Root Vegetable Soup

3 T. oil

1 onion, chopped

2 large carrots, peeled and sliced

2 small parsnips, peeled and sliced

6 c. stock, I used turkey

2 c. peeled and diced turnips, about 2 medium

2 c. diced potatoes, about 2 medium

1 pint home canned tomatoes, or a (14 oz.) can of diced tomatoes, un-drained

1 medium sweet potato, diced

1/4 c. chopped parsley

2 T. apple cider vinegar

1 T. hot sauce, or to taste

salt and pepper to taste

In soup pot heat the oil and cook the onion until light golden. Add the  carrots and parsnips and cook until they are light golden, too. Add the stock, turnips, potatoes and tomatoes and bring to a boil. reduce heat and simmer, covered, until veggies are tender, about 20-30 minutes. Add sweet potatoes and remaining ingredients and cook until sweet potatoes are tender, about 10-15 minutes. Adjust seasonings and serve. Serves 6-8.

Chicken Noodle Soup

Chicken Noodle Soup

Chicken Noodle Soup

I was asked recently for my recipe for chicken noodle soup. I teach several different classes on making soup but it wasn’t in there. That seemed odd. I mean with all the recipes I share you would think I would have posted it somewhere by now.  I think the truth is that there really isn’t a recipe. Well, not a recipe I can share in the normal sense. I can guesstimate the amounts of this and that but every batch is a little different. That is part of the fun. The basic ingredients are the same, good stock, cubed chicken, carrots, celery and of course,  noodles.

There is one pretty important thing about chicken noodle soup you should know- don’t cook the noodles in the soup. I know that sounds wrong.  Trust me, if you cook your noodles in your soup you’ll end up with a goopy mess. Cook your noodles separately and add them when serving the soup. This does two good things. It keeps the noodles from getting overcooked and it lets each person add just the amount of noodles they like. Let’s face it some people just like a few noodles and others prefer a lot. This way each person gets their soup the way they like it.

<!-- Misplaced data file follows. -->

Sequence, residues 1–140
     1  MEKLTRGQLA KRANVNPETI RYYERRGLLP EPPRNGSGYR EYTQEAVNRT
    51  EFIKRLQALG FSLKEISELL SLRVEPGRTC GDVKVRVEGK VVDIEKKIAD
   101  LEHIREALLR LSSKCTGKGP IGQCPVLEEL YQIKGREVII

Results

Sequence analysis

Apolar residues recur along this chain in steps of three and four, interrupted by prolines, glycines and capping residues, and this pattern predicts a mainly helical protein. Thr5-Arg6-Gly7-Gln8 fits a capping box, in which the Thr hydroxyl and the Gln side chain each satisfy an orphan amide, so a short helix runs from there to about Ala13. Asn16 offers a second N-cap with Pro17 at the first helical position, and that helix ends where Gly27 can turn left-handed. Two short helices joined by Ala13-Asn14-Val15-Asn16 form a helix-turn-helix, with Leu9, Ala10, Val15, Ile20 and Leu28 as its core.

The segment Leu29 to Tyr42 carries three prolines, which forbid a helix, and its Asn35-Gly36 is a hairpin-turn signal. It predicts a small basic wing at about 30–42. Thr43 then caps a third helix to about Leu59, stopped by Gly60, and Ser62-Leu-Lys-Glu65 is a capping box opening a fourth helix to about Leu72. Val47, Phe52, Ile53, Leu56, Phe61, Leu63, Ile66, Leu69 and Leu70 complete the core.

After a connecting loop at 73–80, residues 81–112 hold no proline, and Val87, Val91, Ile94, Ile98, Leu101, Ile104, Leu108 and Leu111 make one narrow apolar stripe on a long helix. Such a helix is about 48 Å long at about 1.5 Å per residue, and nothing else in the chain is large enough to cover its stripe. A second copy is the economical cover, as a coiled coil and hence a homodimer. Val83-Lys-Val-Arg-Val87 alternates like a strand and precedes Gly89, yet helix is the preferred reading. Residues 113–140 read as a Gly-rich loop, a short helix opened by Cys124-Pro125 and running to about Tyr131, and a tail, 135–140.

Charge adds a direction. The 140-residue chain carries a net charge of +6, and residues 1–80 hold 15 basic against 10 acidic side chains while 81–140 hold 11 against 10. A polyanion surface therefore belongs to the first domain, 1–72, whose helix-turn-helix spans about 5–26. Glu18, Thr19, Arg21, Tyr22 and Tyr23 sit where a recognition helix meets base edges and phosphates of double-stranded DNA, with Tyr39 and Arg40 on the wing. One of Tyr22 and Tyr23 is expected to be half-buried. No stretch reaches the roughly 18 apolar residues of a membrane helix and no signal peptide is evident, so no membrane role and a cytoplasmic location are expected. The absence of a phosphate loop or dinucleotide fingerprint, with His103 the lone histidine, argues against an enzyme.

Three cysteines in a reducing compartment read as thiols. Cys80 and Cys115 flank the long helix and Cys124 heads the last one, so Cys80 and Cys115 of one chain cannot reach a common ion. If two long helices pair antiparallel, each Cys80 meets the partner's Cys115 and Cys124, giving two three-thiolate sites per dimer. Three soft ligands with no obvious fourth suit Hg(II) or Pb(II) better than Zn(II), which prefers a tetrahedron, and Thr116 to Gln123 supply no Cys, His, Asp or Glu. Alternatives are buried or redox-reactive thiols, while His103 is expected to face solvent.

So for directions here is what I do. I start with homemade chicken stock. Since I made the stock I’ll have the chicken I used to make it. I cube up some of the meat and add it to the stock. I also add some sliced carrots and sliced celery and let them simmer in the soup until tender. I sometimes add other veggies. Green beans or maybe a zucchini. I don’t get too crazy with the veggies here or it will become vegetable soup. I almost always remember to add some parsley. I love fresh ground pepper, too. Don’t put too much stuff in – you will be adding noodles after all. I cook my noodles and when the soup is ready to serve I warm them up a little- often just in a bowl in the microwave. That way they won’t cool down your soup. For little kids leave the noodles cold- they normally like their soup a little cooler. I ladle the soup into bowls and put the noodles on the table so everybody can add their own.  Seems to work out pretty well.